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The different forms of dementia

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Dementia isn’t a specific illness. Rather, it’s a set of symptoms caused by different diseases that result in the deterioration of brain function. Different types of dementia and their symptoms vary from person to person, but they always go beyond memory loss. The most common form, Alzheimer’s disease, is only one type of dementia. Despite there being rarer types of dementia, here, we’ll explore the more common different forms and what sets them apart from other types. 

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If you or someone you know is experiencing any of the below symptoms, we advise that you contact your GP. They can help rule out if you’re experiencing the symptoms due to a form of dementia or if they can be explained by other life factors. They can also signpost you and your loved ones to support and guidance.

Alzheimer’s disease 

What is Alzheimer’s disease? Although the causes are complex, the accumulation of amyloid and tau, two substances in the brain, play a key role in the development of the physical disease. When brain conditions aren’t quite right, these substances clump up and create tiny structures named plaques and tangles, which can make it harder for the brain to function. Gradually, the condition results in parts of the brain shrinking and reduces the number of vital chemicals needed to transmit around the brain for essential body functioning and movement.  

How common is it? In 2019, the Alzheimer’s Society stated research revealed over 850,000 people lived with dementia in the UK and, at that rate, predicted over 1.5 million people will be living with dementia by 2040. Of the 850,000, 50-75% of people are thought to have Alzheimer’s disease.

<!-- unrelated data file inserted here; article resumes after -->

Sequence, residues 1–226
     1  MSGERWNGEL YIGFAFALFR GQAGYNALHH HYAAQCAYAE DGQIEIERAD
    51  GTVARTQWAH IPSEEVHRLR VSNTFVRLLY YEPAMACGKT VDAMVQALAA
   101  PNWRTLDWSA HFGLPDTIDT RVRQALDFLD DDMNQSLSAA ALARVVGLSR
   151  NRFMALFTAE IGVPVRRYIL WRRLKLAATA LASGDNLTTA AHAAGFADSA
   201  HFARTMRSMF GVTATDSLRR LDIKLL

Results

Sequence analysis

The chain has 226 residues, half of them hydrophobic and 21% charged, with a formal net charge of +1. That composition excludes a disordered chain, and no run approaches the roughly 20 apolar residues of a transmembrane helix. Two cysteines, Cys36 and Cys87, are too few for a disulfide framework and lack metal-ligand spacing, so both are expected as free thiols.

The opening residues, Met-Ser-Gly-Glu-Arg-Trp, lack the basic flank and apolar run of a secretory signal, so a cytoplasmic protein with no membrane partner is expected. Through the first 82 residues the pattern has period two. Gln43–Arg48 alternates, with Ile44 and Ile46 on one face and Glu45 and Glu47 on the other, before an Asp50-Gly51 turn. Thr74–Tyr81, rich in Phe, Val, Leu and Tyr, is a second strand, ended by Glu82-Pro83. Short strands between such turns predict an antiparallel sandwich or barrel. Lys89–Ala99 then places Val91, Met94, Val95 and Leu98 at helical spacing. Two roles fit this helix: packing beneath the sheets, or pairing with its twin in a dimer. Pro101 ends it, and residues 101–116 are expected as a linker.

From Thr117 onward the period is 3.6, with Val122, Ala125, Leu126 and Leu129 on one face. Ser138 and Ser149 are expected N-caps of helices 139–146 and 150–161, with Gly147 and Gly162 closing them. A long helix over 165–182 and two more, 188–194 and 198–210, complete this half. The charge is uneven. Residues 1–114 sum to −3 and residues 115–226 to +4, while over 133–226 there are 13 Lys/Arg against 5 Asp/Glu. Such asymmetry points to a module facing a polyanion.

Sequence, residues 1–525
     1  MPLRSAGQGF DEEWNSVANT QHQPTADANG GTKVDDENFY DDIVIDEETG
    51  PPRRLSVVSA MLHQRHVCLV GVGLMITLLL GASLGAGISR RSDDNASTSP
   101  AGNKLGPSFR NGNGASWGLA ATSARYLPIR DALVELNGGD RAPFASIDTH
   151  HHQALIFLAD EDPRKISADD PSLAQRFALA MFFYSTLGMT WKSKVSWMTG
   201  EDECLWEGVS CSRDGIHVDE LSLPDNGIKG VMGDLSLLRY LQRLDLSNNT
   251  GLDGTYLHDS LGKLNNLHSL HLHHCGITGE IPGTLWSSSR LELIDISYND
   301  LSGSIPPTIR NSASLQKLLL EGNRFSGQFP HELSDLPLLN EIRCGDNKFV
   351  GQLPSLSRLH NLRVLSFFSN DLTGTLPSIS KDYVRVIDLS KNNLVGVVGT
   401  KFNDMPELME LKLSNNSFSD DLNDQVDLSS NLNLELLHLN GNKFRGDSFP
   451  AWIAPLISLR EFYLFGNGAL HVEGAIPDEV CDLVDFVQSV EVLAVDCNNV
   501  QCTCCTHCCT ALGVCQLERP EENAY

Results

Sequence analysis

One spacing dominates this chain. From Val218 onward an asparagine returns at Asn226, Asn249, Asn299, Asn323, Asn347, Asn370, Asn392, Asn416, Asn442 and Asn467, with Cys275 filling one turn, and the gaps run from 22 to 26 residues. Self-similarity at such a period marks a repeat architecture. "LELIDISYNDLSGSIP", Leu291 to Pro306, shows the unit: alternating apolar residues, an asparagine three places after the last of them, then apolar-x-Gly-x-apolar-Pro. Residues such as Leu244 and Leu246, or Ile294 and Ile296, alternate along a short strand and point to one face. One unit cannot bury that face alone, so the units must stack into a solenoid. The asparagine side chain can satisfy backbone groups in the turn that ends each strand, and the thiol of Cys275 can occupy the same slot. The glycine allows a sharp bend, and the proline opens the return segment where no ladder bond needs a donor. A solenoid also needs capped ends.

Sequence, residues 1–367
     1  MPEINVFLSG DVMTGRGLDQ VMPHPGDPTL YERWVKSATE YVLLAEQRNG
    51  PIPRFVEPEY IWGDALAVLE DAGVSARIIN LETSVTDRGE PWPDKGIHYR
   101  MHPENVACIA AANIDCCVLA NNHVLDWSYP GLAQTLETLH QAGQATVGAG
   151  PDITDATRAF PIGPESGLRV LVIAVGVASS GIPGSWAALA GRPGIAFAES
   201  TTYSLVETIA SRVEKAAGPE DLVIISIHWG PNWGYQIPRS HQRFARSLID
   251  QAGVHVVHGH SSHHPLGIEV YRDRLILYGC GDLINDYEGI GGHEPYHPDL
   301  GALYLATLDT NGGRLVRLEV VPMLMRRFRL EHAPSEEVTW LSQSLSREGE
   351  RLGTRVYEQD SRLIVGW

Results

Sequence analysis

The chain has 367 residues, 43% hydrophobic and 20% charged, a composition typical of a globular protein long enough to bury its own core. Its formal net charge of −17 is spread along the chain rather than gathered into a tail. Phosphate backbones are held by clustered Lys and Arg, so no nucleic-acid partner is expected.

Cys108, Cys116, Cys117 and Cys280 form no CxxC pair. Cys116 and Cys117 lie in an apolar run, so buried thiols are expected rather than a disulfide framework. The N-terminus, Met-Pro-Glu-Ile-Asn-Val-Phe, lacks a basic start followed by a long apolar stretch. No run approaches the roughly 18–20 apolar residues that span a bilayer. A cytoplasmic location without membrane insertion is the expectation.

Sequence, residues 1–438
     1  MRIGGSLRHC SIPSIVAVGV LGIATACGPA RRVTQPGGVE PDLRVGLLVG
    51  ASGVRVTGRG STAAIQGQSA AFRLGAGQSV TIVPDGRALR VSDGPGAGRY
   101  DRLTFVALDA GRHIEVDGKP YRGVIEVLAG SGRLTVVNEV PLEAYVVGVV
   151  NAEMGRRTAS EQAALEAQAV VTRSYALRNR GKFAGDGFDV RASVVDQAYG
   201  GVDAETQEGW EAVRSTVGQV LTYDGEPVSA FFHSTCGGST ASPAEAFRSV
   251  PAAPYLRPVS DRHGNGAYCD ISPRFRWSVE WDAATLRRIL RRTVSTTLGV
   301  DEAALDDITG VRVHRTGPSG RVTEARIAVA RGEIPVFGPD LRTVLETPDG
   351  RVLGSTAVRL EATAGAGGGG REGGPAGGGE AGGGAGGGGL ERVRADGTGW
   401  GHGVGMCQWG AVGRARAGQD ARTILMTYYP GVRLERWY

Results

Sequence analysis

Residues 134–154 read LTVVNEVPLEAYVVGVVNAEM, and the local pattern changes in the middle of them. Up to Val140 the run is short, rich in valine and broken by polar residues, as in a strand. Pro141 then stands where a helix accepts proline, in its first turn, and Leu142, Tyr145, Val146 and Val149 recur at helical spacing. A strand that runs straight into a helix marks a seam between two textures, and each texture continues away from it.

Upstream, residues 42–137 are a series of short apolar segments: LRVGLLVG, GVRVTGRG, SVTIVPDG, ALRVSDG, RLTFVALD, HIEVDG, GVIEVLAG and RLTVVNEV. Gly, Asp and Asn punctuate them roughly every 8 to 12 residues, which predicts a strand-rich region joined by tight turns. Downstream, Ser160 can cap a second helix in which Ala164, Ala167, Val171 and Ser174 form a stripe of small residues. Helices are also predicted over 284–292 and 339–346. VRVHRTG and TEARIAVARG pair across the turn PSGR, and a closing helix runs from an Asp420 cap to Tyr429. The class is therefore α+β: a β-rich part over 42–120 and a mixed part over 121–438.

Symptoms: Alzheimer’s affects everyone differently, but the disease tends to start as minor memory problems, such as being unable to recall names of places or recent conversations. As the condition develops, a person living with Alzheimer’s may experience:  

  • confusion, disorientation and getting lost in familiar places 
  • trouble planning or reasoning 
  • issues with speech and language 
  • difficulty moving around unaided or performing personal-care tasks 
  • personality alterations, for example, becoming aggressive, demanding and suspicious of others 
  • hallucinations (seeing or hearing things that aren’t there) and delusions (believing things that aren’t true) 
  • low mood or anxiety 

Progression: Alzheimer’s disease is a progressive neurological condition, meaning symptoms develop slowly over many years and, in time, becoming more acute. People with Alzheimer’s can live for several years after the onset of symptoms, but this can vary considerably from person to person.  

Vascular dementia

What is vascular dementia? There are various types of vascular dementia, which is caused by a deficiency in blood flow to the brain. These are:

  • Stroke-related vascular dementia – caused by a stroke, which happens when blood supply to the brain is abruptly blocked by a clot and narrowed blood vessels or by a bleed (excessive flow). Stroke-induced damage can be permanent or temporary; it depends on where the narrowed blood vessel is and how long the blood supply was disrupted for. However, many people who struggle with their thinking during the weeks and months after a stroke don’t develop dementia. 
  • Single-infarct and Multi-infarct vascular dementia – occurs thanks to a series of smaller strokes. Should the mini stroke disrupt the brain’s blood supply for more than a few minutes or hours; the mini stroke may result in permanent brain damage. The damaged areas of the brain are referred to as ‘infarcts’. If someone has many small strokes over time, multiple infarcts will accumulate in their brain, which could lead to multi-infarct dementia. 
  • Subcortical vascular dementia – results from diseases of tiny blood vessels deep in the brain, usually in the part called the ‘sub-cortex’, which helps with the expression and control of emotions and links all the different parts of the brain together, enabling information to be quickly processed. Over time, these blood vessels can form hardened walls and become stiff and twisted, hindering the blood flow through them. The areas of the brain these blood vessels supply then lack oxygen and nutrients, leading to the affected brain cells dying.   

How common is it? The Alzheimer’s Society cites vascular dementia as the second most common type, making up to about 20% of cases of dementia, with the NHS estimating that it affects around 150,000 people in the UK.  
Around one in five people develop the stroke-related form of vascular dementia within six months of having a stroke. Meanwhile, subcortical vascular dementia is considered to be the most common type of vascular dementia